I started my legal career at one of the world’s largest law firms on Sept. 17, 2001. I was supposed to be an M&A lawyer, but after the 9/11 terrorist attacks I was shifted to the corporate restructuring group. Planes were grounded and financial markets closed. The economy was still reeling from the dot-com crash. No one knew what was going to happen next, and companies were putting contingency plans into place, which in many cases meant preparing for Chapter 11 bankruptcy.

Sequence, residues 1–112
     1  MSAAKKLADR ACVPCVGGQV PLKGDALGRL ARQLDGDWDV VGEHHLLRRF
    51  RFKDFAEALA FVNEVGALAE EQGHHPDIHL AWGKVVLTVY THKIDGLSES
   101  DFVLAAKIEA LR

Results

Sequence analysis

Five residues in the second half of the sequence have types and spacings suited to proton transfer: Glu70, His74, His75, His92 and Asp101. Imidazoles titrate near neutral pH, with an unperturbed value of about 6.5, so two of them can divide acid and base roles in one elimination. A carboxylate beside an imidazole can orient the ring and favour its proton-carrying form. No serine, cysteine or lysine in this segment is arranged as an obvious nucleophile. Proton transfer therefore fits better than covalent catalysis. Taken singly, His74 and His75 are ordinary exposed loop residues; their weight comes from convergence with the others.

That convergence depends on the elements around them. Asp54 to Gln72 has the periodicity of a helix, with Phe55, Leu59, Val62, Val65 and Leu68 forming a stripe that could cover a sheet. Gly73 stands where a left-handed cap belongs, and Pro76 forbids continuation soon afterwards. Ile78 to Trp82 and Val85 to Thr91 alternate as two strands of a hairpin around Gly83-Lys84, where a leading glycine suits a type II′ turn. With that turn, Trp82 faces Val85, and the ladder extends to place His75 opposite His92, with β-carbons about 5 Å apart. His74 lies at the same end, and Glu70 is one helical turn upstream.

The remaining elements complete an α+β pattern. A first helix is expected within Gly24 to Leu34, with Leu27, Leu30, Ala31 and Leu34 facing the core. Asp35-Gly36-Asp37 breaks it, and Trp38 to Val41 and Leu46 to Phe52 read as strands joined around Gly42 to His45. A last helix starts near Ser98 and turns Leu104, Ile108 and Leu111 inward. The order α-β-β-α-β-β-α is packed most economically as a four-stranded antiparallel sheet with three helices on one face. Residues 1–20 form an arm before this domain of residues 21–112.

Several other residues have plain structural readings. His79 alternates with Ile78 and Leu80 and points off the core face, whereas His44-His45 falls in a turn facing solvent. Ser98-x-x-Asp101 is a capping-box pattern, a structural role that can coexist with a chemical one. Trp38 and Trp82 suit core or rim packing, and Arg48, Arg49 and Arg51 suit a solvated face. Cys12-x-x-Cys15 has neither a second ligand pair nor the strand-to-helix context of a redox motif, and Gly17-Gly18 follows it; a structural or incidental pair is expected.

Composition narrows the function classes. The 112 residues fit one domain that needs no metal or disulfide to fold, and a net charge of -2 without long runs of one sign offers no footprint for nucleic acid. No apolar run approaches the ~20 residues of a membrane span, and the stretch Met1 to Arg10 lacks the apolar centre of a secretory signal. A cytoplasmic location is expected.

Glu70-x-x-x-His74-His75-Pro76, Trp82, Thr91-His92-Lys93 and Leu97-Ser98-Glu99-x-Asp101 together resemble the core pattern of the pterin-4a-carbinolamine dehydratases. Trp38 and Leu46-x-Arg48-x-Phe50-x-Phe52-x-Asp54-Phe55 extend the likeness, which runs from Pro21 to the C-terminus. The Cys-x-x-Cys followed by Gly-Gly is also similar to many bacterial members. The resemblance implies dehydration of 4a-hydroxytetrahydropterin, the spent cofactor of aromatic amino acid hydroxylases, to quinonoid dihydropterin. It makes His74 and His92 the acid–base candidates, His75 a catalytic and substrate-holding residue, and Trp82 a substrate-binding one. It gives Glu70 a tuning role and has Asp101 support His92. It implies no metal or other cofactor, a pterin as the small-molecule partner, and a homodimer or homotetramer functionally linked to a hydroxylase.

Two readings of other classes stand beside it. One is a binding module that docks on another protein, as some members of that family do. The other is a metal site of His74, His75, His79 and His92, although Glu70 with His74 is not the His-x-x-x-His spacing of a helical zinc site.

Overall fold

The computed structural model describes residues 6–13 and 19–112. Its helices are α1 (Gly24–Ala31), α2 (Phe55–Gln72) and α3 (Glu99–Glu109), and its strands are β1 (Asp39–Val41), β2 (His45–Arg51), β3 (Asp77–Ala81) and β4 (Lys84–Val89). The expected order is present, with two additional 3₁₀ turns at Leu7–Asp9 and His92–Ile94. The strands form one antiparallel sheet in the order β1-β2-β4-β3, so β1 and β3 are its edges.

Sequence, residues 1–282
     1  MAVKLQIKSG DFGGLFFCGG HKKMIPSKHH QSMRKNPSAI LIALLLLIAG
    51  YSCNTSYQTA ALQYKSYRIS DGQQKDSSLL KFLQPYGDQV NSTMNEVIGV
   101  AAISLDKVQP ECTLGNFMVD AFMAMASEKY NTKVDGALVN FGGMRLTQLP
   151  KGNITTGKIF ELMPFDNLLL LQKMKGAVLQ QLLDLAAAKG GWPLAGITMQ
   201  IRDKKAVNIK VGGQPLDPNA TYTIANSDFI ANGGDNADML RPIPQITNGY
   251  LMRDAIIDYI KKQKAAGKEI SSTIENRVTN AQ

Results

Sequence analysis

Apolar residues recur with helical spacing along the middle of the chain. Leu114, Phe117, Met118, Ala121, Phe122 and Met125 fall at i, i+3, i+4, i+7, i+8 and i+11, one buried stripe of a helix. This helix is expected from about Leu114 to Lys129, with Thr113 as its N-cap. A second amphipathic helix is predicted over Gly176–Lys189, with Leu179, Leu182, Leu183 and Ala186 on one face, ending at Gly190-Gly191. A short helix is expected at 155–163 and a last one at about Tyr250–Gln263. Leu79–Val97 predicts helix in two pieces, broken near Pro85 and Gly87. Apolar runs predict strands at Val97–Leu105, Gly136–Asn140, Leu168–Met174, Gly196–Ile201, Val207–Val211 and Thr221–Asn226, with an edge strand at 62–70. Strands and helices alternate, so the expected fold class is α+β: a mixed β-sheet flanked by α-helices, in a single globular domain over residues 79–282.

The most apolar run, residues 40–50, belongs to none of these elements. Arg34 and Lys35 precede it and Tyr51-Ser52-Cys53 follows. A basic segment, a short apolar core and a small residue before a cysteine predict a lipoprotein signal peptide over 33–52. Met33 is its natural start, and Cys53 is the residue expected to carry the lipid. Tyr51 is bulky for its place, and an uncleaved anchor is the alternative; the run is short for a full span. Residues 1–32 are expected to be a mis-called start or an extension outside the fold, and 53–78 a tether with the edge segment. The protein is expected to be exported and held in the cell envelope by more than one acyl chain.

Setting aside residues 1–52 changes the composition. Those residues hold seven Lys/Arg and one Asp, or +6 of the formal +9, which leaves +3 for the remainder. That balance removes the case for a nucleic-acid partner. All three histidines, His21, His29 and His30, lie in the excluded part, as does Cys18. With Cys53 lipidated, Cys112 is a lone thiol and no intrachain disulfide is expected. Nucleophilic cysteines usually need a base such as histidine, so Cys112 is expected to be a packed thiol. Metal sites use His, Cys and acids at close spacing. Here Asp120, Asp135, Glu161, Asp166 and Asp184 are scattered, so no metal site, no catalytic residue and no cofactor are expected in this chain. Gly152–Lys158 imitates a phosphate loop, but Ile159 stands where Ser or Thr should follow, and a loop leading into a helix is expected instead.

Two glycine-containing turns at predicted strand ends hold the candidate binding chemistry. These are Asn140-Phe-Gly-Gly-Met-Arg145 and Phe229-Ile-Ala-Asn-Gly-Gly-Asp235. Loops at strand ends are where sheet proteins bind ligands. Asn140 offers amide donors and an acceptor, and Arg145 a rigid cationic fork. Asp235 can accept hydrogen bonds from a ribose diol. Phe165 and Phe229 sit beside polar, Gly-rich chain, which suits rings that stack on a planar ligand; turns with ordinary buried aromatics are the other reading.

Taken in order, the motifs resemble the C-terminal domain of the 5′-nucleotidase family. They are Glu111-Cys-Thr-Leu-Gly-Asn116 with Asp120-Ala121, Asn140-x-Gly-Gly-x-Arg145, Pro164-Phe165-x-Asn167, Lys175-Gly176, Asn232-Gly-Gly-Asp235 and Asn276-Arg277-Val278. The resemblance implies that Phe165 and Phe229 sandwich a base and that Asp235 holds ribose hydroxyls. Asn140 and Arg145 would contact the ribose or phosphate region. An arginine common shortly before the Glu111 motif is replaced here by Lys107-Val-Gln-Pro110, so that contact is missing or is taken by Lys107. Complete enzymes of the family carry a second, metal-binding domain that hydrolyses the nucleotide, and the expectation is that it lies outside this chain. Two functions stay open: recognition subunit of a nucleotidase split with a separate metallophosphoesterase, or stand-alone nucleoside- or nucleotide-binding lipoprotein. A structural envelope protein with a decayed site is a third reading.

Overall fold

It was intense, and I was unprepared. This was my first real job. I had not taken a single class in law school about bankruptcy law, and everyone in my practice group was so busy that there were few opportunities to ask questions or get feedback. It was textbook trial by fire.